The closure of a web hosting firm that is believed to have had spam gangs as clients has led to a drastic reduction in junk mail.
Two US internet service providers have pulled the plug on the firm McColo following an investigation by the Washington Post newspaper.
Anti-spam firm Ironport has seen junk mail levels drop by 70% since McColo was taken offline on 11 November.
But, it warned, it will be a temporary respite from the menace of spam.
"It is an unprecedented drop but will be a temporary outage as the networks move from North America to places where there is less scrutiny," said Jason Steer, a spokesman for Ironport.
The Washington Post has been gathering data on McColo for the past four months and passed the information to its internet service providers, Global Crossing and Hurricane Electric.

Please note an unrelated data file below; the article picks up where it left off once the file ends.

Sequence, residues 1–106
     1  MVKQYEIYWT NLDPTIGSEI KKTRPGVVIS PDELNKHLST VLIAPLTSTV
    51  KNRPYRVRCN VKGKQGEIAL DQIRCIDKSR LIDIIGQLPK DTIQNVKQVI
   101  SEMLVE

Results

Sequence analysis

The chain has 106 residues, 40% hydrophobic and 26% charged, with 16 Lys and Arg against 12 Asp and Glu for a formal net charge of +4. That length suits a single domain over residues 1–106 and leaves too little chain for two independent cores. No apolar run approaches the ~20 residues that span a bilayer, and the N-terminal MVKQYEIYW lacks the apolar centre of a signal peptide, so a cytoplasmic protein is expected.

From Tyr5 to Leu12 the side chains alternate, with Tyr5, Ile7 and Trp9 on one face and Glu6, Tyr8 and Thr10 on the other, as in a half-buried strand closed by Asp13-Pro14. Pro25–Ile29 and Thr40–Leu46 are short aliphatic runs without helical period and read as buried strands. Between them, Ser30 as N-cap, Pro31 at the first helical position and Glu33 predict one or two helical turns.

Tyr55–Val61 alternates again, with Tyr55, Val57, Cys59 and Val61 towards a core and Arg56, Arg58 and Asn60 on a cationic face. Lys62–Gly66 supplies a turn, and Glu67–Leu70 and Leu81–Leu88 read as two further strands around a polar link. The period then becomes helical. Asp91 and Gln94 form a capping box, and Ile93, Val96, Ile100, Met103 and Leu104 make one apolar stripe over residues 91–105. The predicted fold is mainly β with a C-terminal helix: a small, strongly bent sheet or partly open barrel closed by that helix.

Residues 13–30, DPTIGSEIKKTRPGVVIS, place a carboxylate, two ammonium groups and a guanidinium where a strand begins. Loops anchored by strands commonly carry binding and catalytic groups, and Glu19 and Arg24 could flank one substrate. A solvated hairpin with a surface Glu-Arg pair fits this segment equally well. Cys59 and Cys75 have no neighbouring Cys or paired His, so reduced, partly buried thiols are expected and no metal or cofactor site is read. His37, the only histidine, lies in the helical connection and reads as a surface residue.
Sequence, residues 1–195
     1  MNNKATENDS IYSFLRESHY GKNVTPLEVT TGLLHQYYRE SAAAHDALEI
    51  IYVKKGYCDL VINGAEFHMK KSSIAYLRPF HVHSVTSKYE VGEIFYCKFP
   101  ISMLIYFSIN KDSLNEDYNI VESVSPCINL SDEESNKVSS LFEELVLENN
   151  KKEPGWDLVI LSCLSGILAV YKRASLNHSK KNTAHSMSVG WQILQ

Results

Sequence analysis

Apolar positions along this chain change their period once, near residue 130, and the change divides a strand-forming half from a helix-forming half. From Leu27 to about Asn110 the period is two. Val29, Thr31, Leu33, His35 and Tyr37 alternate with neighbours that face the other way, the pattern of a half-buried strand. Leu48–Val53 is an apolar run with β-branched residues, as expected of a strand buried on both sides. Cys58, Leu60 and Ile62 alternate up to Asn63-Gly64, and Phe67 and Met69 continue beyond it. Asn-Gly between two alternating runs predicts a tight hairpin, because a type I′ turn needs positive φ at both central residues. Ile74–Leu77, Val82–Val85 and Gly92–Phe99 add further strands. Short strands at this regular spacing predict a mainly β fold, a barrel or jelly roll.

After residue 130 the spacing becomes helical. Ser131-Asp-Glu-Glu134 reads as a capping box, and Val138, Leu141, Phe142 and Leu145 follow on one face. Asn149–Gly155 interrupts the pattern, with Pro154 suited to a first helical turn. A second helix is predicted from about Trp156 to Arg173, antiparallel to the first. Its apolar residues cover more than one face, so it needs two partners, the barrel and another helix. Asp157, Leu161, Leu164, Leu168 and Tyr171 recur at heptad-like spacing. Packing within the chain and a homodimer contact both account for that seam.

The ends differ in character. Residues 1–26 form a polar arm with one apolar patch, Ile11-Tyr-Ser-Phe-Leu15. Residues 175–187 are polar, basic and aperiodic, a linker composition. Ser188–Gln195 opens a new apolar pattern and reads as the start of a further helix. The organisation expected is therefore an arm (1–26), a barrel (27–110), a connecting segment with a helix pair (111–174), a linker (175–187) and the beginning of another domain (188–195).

Both decided to pull the plug on the firm on Tuesday.
It is believed that it hosted gangs running botnets - networks of computers that have been taken over by criminals to send malicious software and spam.
According to MessageLabs, botnets are responsible for over 90% of spam.
Increasingly the tech industry is fighting back.
"All the US internet peering companies are under much more scrutiny. The authorities and the internet community have woken up to the problem," said Mr Steer.
But while it might make criminals think more carefully about what they do, it will not stop them, he thinks.
"Spam levels will come back to normal as we build up to Thanksgiving and Christmas," he said.
A recent study by computer scientists from the University of California, Berkeley and UC, San Diego (UCSD) found that spammers manage to turn a profit despite only getting one response to every 12.5m emails they send.